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DTE: Here's what went wrong after last week's catastrophic storms

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Posted at 11:49 AM, Jul 26, 2019
and last updated 2019-07-26 11:49:38-04

(WXYZ) — DTE Energy had technology and operational issues after two waves of thunderstorms last Friday and Saturday.

The thunderstorms impacted 600,000 DTE customers, with DTE saying it is the second largest event in the company's history. DTE says the storms created unique challenges for its operations and technology departments.

"We experienced multiple issues that we recognize increased our customers' frustrations," the company said in a statement.

Read the full explanation from DTE below:

When the initial storm came through on Friday, we created a restoration plan and issued estimated restoration times to the 120,000 customers initially impacted. These estimates changed when the second wave of storms came through Saturday afternoon and evening, impacting another 480,000 customers. We had to reassess our work plan to include the new outages and determine the additional resources we needed to bring in to assist with restorations. Once we had updates to our estimates, posting and notifying customers of the change took far longer and stressed the internal systems in unanticipated ways. This led to a delay in customers being able to see their updated estimated restoration time. Our Information Technology team found the root cause and was able to implement a permanent fix.

On Sunday, customers may have experienced a change in estimate times, specifically on the dteenergy.com outage map, due to a bug that changed the time zone out of Eastern Standard Time and shifted estimates up four hours. This bug was corrected a few hours later.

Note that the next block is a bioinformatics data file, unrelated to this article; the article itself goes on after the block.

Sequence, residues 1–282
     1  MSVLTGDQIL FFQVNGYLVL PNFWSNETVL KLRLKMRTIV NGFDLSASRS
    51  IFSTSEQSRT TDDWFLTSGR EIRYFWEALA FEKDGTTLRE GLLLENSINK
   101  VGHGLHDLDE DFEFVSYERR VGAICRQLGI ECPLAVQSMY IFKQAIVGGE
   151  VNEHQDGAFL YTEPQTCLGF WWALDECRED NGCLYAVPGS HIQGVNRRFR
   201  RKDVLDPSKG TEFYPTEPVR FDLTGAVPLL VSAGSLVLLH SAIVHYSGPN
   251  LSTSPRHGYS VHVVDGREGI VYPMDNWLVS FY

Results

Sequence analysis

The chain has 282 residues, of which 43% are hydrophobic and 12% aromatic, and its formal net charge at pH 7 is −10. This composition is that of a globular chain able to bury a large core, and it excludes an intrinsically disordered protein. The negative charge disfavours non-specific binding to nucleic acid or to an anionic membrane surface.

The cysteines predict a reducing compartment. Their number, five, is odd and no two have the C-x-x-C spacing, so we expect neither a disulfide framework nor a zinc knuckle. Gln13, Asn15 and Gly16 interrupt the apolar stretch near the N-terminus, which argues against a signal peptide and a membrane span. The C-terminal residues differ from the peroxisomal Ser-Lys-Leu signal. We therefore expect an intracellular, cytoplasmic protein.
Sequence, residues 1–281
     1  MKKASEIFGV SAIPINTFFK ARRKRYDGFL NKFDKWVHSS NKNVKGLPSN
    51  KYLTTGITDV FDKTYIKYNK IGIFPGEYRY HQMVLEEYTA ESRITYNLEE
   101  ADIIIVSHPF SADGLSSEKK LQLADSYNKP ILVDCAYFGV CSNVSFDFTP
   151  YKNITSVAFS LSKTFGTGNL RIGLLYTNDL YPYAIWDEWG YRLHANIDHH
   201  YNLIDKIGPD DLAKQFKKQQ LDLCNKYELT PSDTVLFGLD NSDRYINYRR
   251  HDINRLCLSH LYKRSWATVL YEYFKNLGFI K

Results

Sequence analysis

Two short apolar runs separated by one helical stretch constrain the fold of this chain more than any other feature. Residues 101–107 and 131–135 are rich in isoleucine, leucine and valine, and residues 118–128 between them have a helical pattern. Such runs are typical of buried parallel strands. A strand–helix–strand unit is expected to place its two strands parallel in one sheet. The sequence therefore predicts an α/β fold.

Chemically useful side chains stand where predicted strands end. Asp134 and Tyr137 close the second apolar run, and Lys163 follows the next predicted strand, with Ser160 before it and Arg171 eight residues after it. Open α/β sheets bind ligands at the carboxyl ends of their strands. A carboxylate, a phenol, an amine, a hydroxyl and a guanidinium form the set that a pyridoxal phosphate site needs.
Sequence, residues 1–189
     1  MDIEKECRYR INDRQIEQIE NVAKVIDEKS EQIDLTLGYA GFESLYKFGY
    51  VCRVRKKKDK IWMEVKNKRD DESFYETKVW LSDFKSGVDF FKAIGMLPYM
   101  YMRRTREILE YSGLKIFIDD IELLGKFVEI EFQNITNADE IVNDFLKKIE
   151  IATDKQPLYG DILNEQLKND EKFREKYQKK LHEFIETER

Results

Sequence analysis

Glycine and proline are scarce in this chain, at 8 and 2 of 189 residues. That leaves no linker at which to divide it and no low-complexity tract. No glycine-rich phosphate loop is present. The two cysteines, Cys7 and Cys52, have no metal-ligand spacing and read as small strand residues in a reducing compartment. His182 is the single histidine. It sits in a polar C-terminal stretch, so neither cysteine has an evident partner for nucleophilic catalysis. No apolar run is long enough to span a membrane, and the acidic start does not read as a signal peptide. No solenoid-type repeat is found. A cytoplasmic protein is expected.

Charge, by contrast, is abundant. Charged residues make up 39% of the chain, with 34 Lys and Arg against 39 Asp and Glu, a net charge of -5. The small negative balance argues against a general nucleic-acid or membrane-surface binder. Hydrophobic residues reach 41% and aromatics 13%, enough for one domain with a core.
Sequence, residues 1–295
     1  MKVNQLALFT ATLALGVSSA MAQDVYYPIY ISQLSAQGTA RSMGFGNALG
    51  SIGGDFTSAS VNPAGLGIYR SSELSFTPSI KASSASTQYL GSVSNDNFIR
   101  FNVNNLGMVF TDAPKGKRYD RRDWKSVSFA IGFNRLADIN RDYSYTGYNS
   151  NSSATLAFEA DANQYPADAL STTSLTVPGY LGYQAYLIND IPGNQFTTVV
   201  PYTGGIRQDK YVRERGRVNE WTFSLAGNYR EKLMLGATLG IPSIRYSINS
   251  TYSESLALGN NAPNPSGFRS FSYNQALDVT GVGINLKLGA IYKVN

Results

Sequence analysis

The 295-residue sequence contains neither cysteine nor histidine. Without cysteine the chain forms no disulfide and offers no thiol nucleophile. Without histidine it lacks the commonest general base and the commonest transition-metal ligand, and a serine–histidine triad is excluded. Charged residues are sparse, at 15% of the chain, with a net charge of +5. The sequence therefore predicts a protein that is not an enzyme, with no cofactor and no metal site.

The user experience on dteenergy.com and the DTE Energy Mobile app was far better than it was during the March 2017 storm. We’ve made progress, but we know we still have work to do.

The technologies that we are installing on the energy grid, such as sensors and smart meters, along with new computer systems we are implementing internally, are helping us to better understand the health of the electric system in “real” time. This means we can flag and correct equipment problems and learn about outages before a customer has to call it in. We are in the midst of implementing these best-in-class technologies as part of our five-year $4.2 billion infrastructure upgrade strategy. We also are building a new Electric System Operations Center to create a collaborative work space for our system operators and dispatch teams so that they can more quickly and efficiently respond to outages or potential outages on the energy grid. Opening in fall 2020, it’ll be an integral part of our five-year distribution upgrade and modernization plan, and will deliver the world-class amenities, capabilities and security our customers deserve.